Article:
If you get tired of Super Bowl coverage this week or the seemingly all-day pregame show Sunday, you should check out the Esquire network’s new show, Friday Night Tykes. It’s compelling television for two very different reasons.

Friday Night Tykes follows the seasons of five San Antonio football teams in the Texas Youth Football Association’s Rookie Division. These teams of eight- and nine-year-olds play in what is billed as “one of the elite football leagues for kids in America.”

On one hand, the show is compelling because of how honestly it portrays real concerns of parents about youth football.

• The family of a Predators player consoling him when he is held out after suffering a Football injurysevere concussion – one that caused him to be unable to recognize his own mother.
• The parents of the Predators’ quarterback – whose dad is also the head coach – trying to allay the child’s fears of getting hurt before playing the Outlaws, a team that celebrates how hard its players hit opponents.
• The mom/general manager of the Jr. Broncos, frustrated with the coach who plays her son only one play in his team’s first two games despite his tireless work in practice.

“Some kids are your everyday kids that just want to quit. If you allow them to quit on the football field, it’s going to be OK to quit in the classroom, going to be able to quit on jobs, be able to quit on life. That’s our job as coaches. You can’t let ’em quit. You’ve got to push ’em.”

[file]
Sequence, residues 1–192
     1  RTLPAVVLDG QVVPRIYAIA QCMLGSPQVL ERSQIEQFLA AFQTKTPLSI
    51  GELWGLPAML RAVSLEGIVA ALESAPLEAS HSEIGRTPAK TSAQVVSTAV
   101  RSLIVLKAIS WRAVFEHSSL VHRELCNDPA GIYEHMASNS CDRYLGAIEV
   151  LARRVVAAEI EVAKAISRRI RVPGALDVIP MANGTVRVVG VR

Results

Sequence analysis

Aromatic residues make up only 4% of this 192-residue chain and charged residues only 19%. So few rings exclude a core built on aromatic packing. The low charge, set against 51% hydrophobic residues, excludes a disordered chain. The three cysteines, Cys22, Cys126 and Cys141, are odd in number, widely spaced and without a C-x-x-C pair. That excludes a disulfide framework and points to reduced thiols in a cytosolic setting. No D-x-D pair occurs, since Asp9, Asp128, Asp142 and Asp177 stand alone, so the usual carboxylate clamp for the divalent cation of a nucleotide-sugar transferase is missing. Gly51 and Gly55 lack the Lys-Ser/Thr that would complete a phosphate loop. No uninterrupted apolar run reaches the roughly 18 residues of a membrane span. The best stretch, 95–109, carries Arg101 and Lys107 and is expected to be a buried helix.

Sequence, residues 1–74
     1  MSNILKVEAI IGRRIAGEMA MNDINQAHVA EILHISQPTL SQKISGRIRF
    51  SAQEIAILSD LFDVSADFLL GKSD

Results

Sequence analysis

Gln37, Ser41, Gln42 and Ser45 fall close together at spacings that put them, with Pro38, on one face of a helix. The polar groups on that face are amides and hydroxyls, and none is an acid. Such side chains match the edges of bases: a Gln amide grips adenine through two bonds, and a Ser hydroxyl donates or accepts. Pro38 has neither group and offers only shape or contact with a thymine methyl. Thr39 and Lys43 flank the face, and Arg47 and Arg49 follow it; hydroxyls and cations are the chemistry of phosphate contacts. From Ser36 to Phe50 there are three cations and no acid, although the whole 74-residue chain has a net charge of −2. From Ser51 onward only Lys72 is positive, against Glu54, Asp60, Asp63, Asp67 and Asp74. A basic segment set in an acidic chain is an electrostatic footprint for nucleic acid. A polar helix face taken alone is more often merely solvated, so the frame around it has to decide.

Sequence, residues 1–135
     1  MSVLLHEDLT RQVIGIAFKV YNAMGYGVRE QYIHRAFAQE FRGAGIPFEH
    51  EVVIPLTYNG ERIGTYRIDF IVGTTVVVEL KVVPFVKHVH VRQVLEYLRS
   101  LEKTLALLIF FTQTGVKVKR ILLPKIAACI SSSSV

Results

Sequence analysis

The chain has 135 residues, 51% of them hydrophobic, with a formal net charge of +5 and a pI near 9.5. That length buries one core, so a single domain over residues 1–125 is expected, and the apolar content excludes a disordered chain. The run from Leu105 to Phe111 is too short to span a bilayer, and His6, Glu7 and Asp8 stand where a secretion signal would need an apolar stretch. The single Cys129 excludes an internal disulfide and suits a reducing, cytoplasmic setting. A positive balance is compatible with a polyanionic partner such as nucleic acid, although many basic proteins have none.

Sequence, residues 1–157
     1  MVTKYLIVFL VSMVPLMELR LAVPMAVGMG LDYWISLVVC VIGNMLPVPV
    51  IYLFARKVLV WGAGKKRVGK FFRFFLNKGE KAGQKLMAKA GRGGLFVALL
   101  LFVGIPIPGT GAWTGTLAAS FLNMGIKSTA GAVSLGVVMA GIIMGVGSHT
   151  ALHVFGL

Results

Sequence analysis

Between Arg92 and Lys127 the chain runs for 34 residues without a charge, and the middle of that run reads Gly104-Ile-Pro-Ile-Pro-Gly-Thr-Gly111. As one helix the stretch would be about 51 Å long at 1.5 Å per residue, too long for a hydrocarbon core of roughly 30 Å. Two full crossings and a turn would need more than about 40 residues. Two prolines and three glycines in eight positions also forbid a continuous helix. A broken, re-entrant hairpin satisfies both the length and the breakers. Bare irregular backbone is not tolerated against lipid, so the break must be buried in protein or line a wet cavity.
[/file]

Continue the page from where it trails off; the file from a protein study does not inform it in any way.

-Jr. Broncos head coach Charles Chavarria

On the other hand, Friday Night Tykes is compelling because it demonstrates in vivid detail everything that is wrong with youth football.

• The Colts, one of the league’s best teams, going for another touchdown with seconds remaining while already beating its rival, the Jr. Rockets, 25-0.
• Jaden “J Boogie” Armmer, who was recruited to play football – when he was three years old.
• The mother of an Outlaws player who rehearses the obnoxious trash-talking cheers she screams at the opposing teams.
• The Jr. Broncos coach who tells his nose tackle to intentionally jump offsides just to knock the opposing center on his back on the first play of the game.

“The hardest thing is getting them past the fear. Once you make that first hit, you start liking it, craving it. That’s what it’s all about. Once you get past that fear, the sky’s the limit.”
-Outlaws assistant coach Tony Coley

Youth footballWorse than all of those bad behaviors, though, is the treatment of the players by many of the coaches. It is behavior that could be described as falling somewhere between bullying and child abuse.

These are just a few examples from the show’s first three episodes. Again, these aren’t professional athletes. These are eight- and nine-year-old children.

• An Outlaws assistant coach screams at a player, who is vomiting during a game after being sick all week, “Damn Luke. Stop your f***ing crying, for one thing. Drink some water. Shake it off. Finish the game.”